Yu says the company’s deep technology software helps it reach 15 billion users daily on nearly 2 billion mobile devices in Asia, and the company’s technology generates 51 billion predictions daily. Its biggest markets are Japan, Singapore and Taiwan, with a customer list of 1,088 that includes Carrefour and Google, as well as online travel agencies, digital game companies and others. Its growth reflects broader trends in Taiwan’s startup landscape. Last year, AI and big data companies accounted for nearly 12% of all startups (retail and wholesale topped the list with 22%), according to PwC’s 2021 Taiwan Startup Ecosystem Survey. Appier had just 700 customers in 2019.
Appier started 12 years ago in Malden, Massachusetts, a short drive from Harvard University, where Yu was studying for his doctorate in computer science. He shared an apartment with Lee (they had met at Stanford several years earlier while pursuing their master’s degrees) and Joe Su, also a graduate student in computer science at Harvard. All three are from Taiwan, says Lee, and were inspired by American startup culture.
Led by Yu, the trio brainstormed at their dinner table about ways to commercialize AI in a mass market. They came up with nine ideas in all and started a game company called Plaxie in 2010 that used AI to control an avatar when the player went offline. But the trio found it difficult to monetize Plaxie’s technology. “We don’t give up easily,” recalls Lee. They turned to digital marketing and AI in big data to help companies better understand customers. After graduating, Yu returned to Taiwan and set up Appier in 2012, joined by Su as co-founder and chief technology officer and Lee, who had just completed her PhD. in immunology at Washington University in St. Louis. For start-up capital, each put between $100,000 and $150,000 of their own money into the venture.
Lee, 41, who debuted in Forbes AsiaLast year’s Power Businesswomen initially did “random stuff” for Appier, including recruiting. Her studies had nothing to do with AI, but she found synergy. “Coming from a research experience where I was constantly studying new genes, I have the ability to be resilient,” she says. “It’s okay when your hypothesis goes wrong, because that’s part of the experiment.”
Fueled by venture capital raised over the next seven years, Appier expanded outside of Asia, delving deeper and deeper into AI. Sequoia Capital India became its first investor with $6 million in 2014, says Yu, and it was notably the fund’s first investment in Taiwan. Several other funding rounds followed that attracted the likes of Jafco, SoftBank and UMC Capital, among others. In total, the company amassed $162 million in funding ahead of its IPO in Japan, following its aggressive expansion in the country. It was the first Taiwanese company to list there in over 20 years.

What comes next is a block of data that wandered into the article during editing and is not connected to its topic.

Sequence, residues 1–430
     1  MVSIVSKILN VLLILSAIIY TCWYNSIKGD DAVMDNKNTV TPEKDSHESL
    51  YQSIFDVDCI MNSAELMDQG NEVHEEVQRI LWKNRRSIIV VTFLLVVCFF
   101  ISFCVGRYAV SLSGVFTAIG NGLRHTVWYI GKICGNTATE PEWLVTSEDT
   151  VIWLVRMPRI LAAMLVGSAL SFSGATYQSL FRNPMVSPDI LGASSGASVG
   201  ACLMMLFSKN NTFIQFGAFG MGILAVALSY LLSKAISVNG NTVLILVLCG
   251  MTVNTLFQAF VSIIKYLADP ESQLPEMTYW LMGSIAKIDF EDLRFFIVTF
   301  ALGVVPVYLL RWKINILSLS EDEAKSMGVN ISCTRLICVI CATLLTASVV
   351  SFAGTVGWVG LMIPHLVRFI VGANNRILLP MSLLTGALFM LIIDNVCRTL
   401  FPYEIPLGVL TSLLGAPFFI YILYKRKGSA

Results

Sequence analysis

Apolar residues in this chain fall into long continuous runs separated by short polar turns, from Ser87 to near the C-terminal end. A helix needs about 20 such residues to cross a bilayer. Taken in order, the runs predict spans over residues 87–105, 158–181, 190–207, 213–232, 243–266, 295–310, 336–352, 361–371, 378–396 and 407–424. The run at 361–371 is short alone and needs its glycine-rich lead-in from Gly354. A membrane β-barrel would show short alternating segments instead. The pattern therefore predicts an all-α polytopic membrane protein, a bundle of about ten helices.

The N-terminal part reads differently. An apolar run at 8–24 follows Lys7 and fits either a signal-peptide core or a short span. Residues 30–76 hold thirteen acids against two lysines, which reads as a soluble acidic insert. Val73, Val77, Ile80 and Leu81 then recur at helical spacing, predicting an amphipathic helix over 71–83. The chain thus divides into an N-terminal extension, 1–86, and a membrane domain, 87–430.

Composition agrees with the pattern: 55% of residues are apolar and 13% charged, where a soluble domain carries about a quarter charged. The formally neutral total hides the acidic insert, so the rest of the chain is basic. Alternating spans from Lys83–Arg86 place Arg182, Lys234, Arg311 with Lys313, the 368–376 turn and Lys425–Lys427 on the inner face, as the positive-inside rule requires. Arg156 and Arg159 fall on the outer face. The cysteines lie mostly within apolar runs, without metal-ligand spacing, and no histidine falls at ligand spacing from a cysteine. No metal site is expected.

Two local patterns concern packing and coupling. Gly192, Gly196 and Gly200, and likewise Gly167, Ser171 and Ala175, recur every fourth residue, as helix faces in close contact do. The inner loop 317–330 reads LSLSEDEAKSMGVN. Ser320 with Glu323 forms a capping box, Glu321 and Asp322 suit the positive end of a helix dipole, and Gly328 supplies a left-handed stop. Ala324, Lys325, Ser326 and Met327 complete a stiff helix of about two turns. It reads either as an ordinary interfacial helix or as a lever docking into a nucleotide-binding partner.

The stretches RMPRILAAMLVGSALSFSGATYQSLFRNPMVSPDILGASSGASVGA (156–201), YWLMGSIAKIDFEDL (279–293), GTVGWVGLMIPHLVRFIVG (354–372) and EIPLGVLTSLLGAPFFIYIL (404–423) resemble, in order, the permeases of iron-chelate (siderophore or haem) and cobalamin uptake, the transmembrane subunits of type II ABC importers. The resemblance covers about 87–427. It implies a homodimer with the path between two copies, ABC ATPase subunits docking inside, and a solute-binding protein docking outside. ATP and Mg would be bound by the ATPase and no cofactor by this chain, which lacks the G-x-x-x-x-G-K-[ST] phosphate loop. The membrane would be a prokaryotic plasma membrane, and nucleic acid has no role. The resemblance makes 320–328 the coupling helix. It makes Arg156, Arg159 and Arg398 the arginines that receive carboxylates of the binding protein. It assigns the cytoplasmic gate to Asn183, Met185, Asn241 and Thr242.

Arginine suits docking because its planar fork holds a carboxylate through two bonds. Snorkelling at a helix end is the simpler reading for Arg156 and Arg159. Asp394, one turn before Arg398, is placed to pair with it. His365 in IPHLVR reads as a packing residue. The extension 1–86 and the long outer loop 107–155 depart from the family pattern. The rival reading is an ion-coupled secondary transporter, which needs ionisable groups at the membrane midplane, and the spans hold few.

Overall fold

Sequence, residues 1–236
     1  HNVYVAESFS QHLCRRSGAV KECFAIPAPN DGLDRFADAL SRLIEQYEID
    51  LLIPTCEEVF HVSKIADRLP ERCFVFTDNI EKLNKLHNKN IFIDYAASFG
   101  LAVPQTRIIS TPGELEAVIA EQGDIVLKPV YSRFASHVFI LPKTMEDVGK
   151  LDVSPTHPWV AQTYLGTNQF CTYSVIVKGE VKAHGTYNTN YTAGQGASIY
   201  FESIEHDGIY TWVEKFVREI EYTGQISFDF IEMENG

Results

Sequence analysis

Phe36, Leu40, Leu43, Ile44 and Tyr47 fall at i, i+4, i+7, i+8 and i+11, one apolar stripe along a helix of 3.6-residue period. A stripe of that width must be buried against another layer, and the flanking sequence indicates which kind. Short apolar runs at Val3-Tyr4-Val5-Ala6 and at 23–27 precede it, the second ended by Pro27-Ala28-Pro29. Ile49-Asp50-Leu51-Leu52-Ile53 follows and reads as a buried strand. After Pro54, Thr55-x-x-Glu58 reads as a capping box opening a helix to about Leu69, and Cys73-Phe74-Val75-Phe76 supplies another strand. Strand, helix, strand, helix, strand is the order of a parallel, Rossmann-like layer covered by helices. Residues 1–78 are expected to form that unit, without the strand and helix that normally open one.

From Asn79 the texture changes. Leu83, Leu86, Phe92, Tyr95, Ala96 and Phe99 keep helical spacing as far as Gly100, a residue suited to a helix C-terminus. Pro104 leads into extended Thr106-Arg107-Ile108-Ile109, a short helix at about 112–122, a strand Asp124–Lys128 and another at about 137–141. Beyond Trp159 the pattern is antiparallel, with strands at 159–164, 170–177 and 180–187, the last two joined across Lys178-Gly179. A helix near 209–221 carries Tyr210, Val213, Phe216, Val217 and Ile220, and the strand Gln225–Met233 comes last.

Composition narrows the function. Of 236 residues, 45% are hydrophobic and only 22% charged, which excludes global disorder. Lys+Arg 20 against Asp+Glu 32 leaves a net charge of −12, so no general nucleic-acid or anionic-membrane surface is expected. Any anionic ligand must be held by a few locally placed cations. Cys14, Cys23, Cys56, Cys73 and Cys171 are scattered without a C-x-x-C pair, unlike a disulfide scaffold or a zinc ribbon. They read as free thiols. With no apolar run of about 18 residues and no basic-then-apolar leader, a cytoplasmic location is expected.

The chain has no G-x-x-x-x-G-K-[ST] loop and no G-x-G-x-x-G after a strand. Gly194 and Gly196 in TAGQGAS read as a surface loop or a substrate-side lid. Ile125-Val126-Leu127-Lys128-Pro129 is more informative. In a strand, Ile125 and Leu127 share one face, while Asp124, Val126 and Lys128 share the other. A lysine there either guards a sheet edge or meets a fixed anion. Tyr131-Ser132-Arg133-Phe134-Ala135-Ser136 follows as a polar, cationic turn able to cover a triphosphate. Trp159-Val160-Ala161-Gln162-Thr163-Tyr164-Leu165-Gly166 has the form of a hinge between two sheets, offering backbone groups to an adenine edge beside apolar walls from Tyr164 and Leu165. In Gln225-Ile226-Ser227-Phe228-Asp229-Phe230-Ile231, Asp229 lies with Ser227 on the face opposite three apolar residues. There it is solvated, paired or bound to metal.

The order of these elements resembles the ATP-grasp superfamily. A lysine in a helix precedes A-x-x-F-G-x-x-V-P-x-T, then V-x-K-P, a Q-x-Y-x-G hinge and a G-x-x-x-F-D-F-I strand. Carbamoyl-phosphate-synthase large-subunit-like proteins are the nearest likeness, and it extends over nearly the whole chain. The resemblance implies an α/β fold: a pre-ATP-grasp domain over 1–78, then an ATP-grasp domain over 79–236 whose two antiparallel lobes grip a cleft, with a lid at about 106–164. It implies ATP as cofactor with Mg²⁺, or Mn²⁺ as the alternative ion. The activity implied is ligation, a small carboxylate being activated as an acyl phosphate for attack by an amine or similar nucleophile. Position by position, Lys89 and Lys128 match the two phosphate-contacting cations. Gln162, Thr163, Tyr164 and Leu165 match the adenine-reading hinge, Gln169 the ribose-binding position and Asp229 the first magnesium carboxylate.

The company specializes in combining machine learning with big data to build a presence in digital marketing.
The capital increase was directed towards the development of new products and investment in talent. Nearly a fifth of its roughly 570 employees are in sales, says Yu, and they spend anywhere from six weeks to six months introducing clients, including those who manage marketing budgets. “All these decisions and stakeholders need to be satisfied to move forward,” he says. Appier aims to increase revenue by 38% to 17.5 billion yen this year, while Ebitda is expected to increase nearly 1,270% to 575 million yen. The company sees increased demand in the US and is also directing investment to prepare servers and storage capacity. While the US only contributes about 4% to Appier’s revenue, there has been a 50% quarter-on-quarter growth over the past three quarters, Yu says.
Last May, the company acquired Taiwan-based conversational AI chatbox BotBonnie for an undisclosed amount, following its purchase of Japanese AI startup Emotion Intelligence in 2019 and Indian content marketing firm QGraph a year earlier. Still, Yu doesn’t see mergers and acquisitions as a major driver of future business, but rather taking advantage of new technologies that reflect the human brain’s ability to learn from experience. “If we can do that, I think [artificial] intelligence can evolve by itself,” he says. “We don’t need to do a lot of programming on different tasks.”